Noise and Vibration Services

Noise and vibration are inherent to industrial equipment and operational activities. Sources of noise can include: fans and exhausts; vehicle operations; baghouses and control equipment; rotating machinery; material handling; motors; reciprocating engines; turbines; steam and gas venting; pressure drops in piping systems; and many others. Potentially an environmental nuisance, noise and vibration are becoming increasingly regulated by federal, state and local agencies. For example, certain natural gas projects under the jurisdiction of the Federal Energy Regulatory Commission (FERC) are required to conduct detailed ambient sound measurements and noise impact analyses at noise sensitive areas to demonstrate compliance with federal noise standards. Increasingly more municipalities are adopting noise ordinances that set technical noise standards at plant fence lines and residential receptors. Failure to comply with these standards can lead to community relations issues and potential lawsuits.

Trinity provides a wide range of noise and vibration services including the following:

  • Industrial noise impact assessments
  • Ambient sound and vibration measurement and characterization
  • Federal, state and local noise standard compliance planning and verification
  • Background noise studies
  • Siting studies for new plants and expansions
  • NEPA Environmental Assessments (EA) noise reports
  • FERC Resource Report 9 noise section preparation
  • Noise impact mitigation assistance

Predicting Noise Impacts

Trinity can predict the impact of noise sources at fence lines and noise sensitive areas using both vector modeling software packages (e.g., CadnaA and SoundPLAN) and our workbook-based calculation tools. Vector modeling software enables accounting for complex scenarios, such as industrial facilities having multiple sources spread over large areas, widely varying topography, structure reflections, ground cover, barriers, atmospheric effects, etc. It also provides a means of determining which noise sources have the largest impact on any given receptor, and allows the testing of proposed noise mitigation measures. Trinity’s workbook–based calculation tools along with a database of acoustical data for many types of noise sources, typically offer a conservative prediction at modest expense for uncomplicated scenarios. 

Trinity’s modeling tools allow us to:

  • Incorporate complex building and terrain geometry
  • Generate noise contour plots
  • Efficiently quantify multiple noise sensitive areas
  • Generate 2D and 3D visualizations
  • Avoid costly field studies by using source data and predictive analysis
  • Measurement and Characterization

When appropriate, Trinity uses research-grade sound level meters (SLMs) in the field to measure ambient sound levels and characterize sound sources at noise sensitive areas and fence lines. This is a requirement for certain federal rules, and is often necessary and prudent before undertaking construction of new noise sources in municipalities with noise standards and when investigating noise related complaints. Trinity can also measure the magnitude and frequency of ground vibrations as needed to demonstrate compliance with vibration standards.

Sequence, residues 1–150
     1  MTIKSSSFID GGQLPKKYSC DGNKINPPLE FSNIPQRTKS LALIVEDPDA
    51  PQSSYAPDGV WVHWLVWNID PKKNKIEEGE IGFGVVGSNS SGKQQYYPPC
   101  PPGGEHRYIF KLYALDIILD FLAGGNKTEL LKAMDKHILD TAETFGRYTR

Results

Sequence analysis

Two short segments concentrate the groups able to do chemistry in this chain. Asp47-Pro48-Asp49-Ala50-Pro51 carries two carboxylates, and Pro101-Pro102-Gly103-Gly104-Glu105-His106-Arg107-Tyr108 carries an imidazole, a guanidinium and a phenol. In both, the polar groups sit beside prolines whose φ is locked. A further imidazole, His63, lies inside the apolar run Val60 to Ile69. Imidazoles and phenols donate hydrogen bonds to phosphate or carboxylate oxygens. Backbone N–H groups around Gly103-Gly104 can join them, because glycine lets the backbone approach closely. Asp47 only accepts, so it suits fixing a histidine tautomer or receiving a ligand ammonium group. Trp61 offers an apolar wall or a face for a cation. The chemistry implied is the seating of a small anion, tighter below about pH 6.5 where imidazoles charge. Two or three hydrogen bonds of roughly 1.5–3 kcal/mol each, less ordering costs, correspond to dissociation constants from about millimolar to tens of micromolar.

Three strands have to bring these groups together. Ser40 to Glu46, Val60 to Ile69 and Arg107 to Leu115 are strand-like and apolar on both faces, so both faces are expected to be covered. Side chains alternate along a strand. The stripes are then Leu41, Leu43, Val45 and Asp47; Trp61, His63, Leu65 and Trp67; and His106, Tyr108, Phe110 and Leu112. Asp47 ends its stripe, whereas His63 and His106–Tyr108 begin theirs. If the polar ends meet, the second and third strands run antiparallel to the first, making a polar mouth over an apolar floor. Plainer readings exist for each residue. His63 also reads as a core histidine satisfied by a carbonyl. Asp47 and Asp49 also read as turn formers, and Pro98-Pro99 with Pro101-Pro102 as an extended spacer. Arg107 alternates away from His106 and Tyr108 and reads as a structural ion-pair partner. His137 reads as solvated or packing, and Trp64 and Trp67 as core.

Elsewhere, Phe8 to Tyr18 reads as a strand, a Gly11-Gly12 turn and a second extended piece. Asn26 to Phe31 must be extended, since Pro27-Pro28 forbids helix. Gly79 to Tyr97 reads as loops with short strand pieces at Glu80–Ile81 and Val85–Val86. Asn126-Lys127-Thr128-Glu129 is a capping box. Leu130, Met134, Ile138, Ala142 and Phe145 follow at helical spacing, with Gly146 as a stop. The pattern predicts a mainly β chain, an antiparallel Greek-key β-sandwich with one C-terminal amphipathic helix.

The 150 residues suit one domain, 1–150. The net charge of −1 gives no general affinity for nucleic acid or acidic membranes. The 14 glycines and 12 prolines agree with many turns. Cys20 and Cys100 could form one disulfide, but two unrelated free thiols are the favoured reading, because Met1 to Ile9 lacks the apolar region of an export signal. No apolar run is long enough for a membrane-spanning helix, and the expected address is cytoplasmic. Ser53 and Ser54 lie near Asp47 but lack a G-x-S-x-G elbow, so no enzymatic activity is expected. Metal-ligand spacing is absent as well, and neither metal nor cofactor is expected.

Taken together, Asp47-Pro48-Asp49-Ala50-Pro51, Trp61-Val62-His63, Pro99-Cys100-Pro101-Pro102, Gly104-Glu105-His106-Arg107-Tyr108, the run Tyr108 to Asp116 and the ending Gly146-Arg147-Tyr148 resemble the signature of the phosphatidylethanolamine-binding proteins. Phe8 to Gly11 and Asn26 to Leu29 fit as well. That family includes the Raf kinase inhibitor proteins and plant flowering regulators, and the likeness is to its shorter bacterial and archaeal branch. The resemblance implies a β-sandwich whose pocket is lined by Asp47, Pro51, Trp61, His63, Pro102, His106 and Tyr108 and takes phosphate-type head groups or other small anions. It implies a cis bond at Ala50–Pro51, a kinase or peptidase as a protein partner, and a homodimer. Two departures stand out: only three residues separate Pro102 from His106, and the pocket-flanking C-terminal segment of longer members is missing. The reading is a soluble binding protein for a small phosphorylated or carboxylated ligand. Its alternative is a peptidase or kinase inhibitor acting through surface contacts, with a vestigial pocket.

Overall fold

Project Experience

Trinity personnel have performed noise and vibration monitoring and impact assessment projects in numerous US states and Canadian provinces. Projects have ranged from the predictive modeling of impacts at Noise Sensitive Areas and assistance with selection of mitigation methods to measurement and characterization of ambient noise and vibration levels and sources, and measurement of acoustic emission data for noise sources. Facilities and emission sources for which we have performed noise and vibration assessments include the following:

  • Stationary reciprocating and combustion-turbine powered electrical generating systems
  • Many types of manufacturing facilities
  • Natural gas compressor stations and storage facilities
  • Reciprocating engines, turbines, cooling systems, dehydrators, pressure reduction valves and vents, substations, etc., at natural gas compressor stations
  • Construction projects involving heavy equipment
  • Horizontal directional drilling and salt cavern development activities

Trinity has prepared and conducted the modeling and monitoring work and prepared the sections of Resource Report 9 necessary to characterize ambient sound quality and predict noise impact for natural gas projects in many states. Our experience includes responding to FERC data requests, and conducting post-operational compliance demonstration monitoring.

Understanding and Selecting Noise Mitigation

Trinity can assist its clients in understanding and selecting noise mitigation measures, including exhaust and vent silencers, acoustic insulation for buildings, ventilation systems and piping, noise berms and barriers, work practices, proper equipment specifications, etc. Trinity has a library of noise mitigation equipment and vendor data for use in selecting appropriate mitigation measures.

For assistance with noise and vibration services, please contact Chris Scullion at